A slumped body in the passenger seat.
Foggy car windows.
A foot, maybe a blanket, pressed against the window.
These are signs of people living in cars.
“This car here, clearly, it looks like there’s been some breathing happening in there,” Daniel Hubbell says. Hubbell was leading a team of volunteers Thursday night for the One Night Count across King County.
His team tallies the car. Each sighting counts for two homeless people.
Volunteer Dusty Udris is on his team, and she’s determined to find one man in particular.
At dead ends, behind teriyaki restaurants and under the east side’s spiraling off-ramps, Udris pokes her flashlight around. She’s seen this old man around the Eastside.
“I’ve seen him early in the morning; I’ve seen him at rush hour in the evening. He’s really old; it’s really sad,” Udris says. “He looks 80. He’s got a long white beard, and he carries a big stick with water bottles.”
They’ve been in this spot for too long, though, so it’s time to go, but Udris keeps searching at other spots. This is her first time volunteering for the One Night Count, and she’s visibly upset.
Her friend Jude Mercer understands.
“I feel like I get to live up in my house in the suburbs and for the most part I don’t see them,” Mercer says.
There are a few homeless people the friends recognize from driving around Bellevue, however. What if they see one of them?
“I’m not sure how I feel about that,” volunteer Mercer says. “I might run into the guy we see out in front of the supermarket. And then I know where he goes at night.”
They keep moving. Their team is split into two cars; Hubbell drives one, and volunteer Jude Mercer drives the other.
There are rules to counting the homeless. Number one, be quiet, because voices carry more in the quiet of the night, scaring and waking people.
The two cars circle through vast shopping center parking lots and park and ride lots. They periodically bring their cars together and talk through the windows.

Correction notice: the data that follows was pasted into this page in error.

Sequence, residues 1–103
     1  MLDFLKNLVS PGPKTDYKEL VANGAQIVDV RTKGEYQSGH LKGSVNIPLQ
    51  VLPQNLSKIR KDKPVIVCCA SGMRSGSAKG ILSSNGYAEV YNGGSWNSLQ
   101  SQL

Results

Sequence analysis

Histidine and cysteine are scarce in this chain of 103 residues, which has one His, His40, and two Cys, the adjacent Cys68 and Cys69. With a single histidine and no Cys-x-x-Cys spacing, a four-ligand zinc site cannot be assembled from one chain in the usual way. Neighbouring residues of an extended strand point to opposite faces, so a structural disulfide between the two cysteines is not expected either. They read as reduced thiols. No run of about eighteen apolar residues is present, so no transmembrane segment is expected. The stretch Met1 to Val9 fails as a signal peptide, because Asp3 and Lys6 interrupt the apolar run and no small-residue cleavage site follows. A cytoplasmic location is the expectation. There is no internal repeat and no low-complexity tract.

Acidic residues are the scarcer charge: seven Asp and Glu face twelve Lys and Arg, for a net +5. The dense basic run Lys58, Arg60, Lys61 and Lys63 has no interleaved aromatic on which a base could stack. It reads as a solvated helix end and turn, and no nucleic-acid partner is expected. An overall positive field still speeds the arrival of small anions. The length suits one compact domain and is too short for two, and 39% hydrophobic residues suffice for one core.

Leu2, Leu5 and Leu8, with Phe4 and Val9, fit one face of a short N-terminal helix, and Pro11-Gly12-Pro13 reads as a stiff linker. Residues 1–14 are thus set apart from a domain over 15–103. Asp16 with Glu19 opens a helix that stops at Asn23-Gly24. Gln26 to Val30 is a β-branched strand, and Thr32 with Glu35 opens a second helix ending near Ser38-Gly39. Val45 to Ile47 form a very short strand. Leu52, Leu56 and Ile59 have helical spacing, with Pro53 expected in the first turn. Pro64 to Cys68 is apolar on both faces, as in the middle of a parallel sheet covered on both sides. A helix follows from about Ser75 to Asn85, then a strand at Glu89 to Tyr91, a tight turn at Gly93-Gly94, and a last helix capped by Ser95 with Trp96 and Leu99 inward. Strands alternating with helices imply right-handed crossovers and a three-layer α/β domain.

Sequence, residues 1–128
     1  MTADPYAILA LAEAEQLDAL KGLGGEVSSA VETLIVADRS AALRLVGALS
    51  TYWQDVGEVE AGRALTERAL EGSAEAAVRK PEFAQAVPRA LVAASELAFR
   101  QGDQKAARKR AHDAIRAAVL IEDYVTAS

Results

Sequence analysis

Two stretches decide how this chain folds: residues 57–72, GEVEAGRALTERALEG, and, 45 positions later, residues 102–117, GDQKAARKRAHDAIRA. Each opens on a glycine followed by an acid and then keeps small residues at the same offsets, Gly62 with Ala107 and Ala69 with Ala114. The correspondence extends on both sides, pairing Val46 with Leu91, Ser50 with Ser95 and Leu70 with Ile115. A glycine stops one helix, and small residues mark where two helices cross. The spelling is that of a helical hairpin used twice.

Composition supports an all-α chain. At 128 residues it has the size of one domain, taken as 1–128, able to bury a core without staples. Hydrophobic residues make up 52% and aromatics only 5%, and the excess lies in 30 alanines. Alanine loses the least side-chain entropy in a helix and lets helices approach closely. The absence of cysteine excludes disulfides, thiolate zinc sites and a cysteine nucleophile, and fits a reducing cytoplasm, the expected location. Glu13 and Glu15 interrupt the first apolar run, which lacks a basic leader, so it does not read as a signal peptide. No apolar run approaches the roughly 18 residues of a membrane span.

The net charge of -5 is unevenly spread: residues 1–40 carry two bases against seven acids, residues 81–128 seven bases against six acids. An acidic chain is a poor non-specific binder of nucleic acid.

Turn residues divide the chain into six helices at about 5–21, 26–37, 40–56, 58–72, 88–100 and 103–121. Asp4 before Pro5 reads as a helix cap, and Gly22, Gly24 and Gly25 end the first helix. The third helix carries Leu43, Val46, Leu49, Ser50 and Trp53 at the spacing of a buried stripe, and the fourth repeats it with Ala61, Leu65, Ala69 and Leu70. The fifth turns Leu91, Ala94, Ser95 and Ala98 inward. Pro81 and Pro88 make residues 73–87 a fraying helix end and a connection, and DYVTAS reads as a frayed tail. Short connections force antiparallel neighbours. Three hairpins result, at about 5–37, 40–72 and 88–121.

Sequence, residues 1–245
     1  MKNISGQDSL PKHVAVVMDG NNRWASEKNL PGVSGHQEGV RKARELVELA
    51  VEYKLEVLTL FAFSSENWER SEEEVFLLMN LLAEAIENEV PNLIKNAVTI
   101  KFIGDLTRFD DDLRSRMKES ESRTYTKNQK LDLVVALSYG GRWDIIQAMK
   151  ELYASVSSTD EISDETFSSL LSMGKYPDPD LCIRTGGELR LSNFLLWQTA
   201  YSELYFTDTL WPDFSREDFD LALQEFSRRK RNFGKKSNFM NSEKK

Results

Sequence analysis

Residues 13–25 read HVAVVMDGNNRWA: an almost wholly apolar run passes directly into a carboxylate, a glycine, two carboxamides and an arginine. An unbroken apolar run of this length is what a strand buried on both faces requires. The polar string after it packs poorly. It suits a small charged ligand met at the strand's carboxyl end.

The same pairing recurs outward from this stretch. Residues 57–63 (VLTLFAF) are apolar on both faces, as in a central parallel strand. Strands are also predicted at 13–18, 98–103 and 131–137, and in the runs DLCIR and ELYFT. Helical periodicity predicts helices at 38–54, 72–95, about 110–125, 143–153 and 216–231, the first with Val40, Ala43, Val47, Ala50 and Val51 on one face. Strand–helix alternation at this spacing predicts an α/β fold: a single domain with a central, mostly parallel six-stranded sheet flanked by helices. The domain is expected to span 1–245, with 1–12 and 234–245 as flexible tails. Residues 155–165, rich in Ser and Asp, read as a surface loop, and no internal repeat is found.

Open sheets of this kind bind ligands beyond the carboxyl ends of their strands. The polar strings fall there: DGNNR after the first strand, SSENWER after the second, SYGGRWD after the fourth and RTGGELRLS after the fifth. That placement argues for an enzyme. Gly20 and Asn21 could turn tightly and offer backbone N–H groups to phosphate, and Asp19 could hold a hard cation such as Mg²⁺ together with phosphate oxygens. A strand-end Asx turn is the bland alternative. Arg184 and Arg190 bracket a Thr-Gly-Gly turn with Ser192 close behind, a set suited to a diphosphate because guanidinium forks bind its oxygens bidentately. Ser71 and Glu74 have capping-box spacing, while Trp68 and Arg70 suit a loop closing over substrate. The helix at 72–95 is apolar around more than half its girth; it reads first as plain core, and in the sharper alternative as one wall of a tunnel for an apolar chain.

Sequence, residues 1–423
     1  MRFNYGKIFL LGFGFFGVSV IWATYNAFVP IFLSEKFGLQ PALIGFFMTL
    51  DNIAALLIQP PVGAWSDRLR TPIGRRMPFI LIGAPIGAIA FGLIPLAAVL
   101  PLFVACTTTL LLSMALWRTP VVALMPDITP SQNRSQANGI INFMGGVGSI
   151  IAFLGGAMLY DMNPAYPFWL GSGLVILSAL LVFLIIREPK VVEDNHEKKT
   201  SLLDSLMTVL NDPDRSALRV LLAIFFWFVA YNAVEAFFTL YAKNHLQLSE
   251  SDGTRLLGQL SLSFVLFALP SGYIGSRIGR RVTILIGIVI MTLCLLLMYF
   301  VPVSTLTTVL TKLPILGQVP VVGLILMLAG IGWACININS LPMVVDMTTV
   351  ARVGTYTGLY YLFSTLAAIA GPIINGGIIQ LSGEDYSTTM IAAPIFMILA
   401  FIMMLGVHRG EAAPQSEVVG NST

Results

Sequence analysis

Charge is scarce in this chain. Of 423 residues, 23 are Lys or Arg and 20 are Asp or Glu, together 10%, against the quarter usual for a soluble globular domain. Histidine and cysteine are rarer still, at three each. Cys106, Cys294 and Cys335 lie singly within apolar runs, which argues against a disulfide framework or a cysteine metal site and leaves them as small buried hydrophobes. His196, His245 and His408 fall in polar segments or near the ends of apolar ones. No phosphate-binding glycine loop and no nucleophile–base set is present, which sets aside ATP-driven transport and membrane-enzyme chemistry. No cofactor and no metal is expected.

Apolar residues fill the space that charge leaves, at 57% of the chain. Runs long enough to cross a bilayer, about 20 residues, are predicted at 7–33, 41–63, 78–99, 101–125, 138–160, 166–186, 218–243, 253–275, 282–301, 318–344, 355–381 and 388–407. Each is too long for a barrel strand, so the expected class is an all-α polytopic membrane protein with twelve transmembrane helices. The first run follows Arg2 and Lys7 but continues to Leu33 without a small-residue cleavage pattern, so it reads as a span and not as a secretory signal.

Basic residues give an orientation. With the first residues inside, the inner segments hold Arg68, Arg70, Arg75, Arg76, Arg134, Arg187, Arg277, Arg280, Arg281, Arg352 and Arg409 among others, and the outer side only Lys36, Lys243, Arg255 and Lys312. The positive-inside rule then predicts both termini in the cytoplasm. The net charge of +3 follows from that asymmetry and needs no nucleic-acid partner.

Finding the homeless isn’t always easy. While some are out in the open, others are hidden.
“We’re going to take a little jaunt down this trail here and see if we see any signs of folks living here,” Hubbell says at one stop.
As dawn approaches, Udris spies a small green tent in some bushes on the side of the road.
It’s made of tarps and wood and is the size and shape of a coffin. She thinks it’s her guy.
“Just on the side of the freeway area, just out in the open,” Udris says. “It makes me want to cry. I feel terrible. When people have no family or no resources. No help.”
The volunteers return to the church where they started and tally their numbers. They fax them to the One Night Count headquarters, at the Compass Center in Seattle. Those numbers would be joined by other tallies from the county’s shelters and transitional housing.
The figures would show that volunteers this year counted 4,500 people sleeping outside in King County – a 19 percent increase over last year. Organizers know this is inexact math, because new areas are added some years and more volunteers could mean more homeless people tallied. Also, seasoned volunteers could be more efficient; Udris says she has a plan for next year. But they say it is their most consistent tool for counting people who live outside.
At the church, Udris and Mercer scarf down French toast and eggs provided by the church.
“I didn’t think it’d be so hard,” Mercer says, reflecting on the night. “You’re driving around, and there’s so many places more that I know that people could be. And we had to work so hard to find all the little nooks and crannies.”
Udris says she’s glad she found the old man she was looking for.
“I really wanted him to be counted. Because he deserves to be counted. He’s a person, you know, and I see him all the time.”